Livestreaming via Periscope of a protest against Shibuya city’s eviction of homeless people from Miyashita Park, done as part of an urban renewal project associated with the 2020 Olympics.
House of Representatives debate on the Conspiracy Bill begins. The controversial legislation expected to become “the main event” of this Ordinary Diet Session as the government and the opposition parties draw battle lines.
The SNA sits down for a short, exclusive English-language interview with Tokyo Governor Yuriko Koike
Greenpeace Japan calls on the nation to use the opportunity of the 2020 Tokyo Olympics to support sustainable seafood
The successes and failures of Japan’s internationalization, especially its struggles with the English language
In advance of Prime Minister Shinzo Abe’s decision on July 17 to take the 2020 Olympics national stadium construction plans back to a “zero base,” matters had been creeping along quietly and largely outside of public notice. It is therefore of considerable value to look back at the development of this slow-burning scandal so as to understand how the situation arrived at the point where it stands now.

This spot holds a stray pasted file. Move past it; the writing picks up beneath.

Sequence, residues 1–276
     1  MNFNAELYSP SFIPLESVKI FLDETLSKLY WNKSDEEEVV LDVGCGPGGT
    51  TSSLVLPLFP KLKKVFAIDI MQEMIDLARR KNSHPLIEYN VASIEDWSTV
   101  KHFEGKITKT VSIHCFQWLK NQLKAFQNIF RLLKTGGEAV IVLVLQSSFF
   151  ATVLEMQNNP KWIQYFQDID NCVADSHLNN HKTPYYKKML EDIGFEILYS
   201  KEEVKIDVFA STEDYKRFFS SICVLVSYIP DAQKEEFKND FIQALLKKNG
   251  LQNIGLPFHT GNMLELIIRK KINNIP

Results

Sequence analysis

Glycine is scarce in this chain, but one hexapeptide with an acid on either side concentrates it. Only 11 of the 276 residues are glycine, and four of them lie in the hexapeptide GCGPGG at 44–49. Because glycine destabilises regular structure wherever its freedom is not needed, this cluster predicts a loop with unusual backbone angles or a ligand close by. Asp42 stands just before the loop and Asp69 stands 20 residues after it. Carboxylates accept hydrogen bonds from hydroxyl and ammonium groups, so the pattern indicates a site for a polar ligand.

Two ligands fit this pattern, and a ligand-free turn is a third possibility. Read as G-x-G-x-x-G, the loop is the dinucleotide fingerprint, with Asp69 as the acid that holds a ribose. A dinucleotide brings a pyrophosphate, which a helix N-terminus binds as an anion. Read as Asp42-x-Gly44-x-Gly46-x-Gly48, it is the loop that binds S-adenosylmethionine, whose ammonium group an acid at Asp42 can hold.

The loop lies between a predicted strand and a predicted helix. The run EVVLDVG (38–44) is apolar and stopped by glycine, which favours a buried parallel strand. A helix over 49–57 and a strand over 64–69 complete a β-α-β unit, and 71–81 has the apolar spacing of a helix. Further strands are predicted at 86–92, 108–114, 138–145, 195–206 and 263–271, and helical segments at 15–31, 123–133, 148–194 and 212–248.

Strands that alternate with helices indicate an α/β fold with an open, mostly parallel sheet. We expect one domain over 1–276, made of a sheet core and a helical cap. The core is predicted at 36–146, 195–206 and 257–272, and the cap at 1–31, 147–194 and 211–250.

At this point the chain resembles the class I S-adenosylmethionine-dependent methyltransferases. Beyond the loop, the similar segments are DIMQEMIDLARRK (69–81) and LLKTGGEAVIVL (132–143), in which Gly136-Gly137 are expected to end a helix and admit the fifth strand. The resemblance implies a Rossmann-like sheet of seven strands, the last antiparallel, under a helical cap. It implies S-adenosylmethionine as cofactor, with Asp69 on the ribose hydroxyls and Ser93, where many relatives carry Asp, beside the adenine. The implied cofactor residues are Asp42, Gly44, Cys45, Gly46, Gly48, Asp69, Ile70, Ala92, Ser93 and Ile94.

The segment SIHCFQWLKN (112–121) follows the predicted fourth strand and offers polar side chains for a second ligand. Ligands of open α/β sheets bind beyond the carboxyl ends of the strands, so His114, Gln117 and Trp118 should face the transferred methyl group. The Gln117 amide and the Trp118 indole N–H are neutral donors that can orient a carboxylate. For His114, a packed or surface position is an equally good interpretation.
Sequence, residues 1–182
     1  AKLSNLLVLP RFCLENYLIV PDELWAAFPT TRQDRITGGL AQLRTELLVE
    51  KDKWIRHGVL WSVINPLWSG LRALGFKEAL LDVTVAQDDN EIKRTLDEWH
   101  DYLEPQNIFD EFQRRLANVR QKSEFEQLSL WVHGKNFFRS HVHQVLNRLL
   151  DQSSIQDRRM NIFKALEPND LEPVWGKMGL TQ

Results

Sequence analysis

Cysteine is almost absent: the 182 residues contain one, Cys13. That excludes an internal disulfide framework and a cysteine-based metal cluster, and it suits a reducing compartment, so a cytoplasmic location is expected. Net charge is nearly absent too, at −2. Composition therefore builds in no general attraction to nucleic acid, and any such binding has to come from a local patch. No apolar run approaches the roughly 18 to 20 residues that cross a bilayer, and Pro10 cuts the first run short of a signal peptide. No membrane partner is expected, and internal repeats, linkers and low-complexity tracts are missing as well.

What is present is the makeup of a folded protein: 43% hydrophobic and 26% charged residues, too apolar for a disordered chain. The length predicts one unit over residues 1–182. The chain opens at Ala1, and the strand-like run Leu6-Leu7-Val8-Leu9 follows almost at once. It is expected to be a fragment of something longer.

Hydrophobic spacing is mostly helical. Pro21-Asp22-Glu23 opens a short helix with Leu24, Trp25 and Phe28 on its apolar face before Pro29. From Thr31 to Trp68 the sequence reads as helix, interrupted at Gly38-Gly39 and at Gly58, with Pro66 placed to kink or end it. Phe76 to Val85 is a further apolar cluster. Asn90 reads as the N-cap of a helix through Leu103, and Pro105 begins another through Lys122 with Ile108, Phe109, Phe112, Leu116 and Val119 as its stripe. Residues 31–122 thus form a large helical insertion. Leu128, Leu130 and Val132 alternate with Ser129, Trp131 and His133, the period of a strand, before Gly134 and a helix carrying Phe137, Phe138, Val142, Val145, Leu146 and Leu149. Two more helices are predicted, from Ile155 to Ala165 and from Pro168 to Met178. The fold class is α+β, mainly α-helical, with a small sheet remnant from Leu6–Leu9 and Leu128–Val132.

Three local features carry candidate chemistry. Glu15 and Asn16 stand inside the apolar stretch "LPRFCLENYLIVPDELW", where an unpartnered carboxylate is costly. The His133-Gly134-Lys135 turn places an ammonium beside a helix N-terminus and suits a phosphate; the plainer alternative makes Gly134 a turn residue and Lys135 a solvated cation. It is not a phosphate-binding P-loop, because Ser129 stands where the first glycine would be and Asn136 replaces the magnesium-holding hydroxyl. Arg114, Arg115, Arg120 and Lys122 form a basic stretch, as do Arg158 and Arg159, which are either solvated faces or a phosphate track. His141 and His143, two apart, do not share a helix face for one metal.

The 2020 Tokyo Olympics are supposed to be a partnership between the national government and the Tokyo Metropolitan Government, and Governor Yoichi Masuzoe is clearly determined that his voice will be heard. When Prime Minister Shinzo Abe suddenly reversed course on July 17 and decided to take the national stadium construction plans “back to zero,” he clearly didn’t make much of an effort to communicate or coordinate with the Tokyo governor.
Only days after Agriculture Minister Koya Nishikawa saw himself forced to resign over allegations of campaign funding irregularities, Prime Minister Shinzo Abe’s cabinet faces renewed challenges with another senior minister suffering similar allegations, as well as a concern about the role of government subsidy receiving firms that has touched even the prime minister and chief cabinet secretary themselves.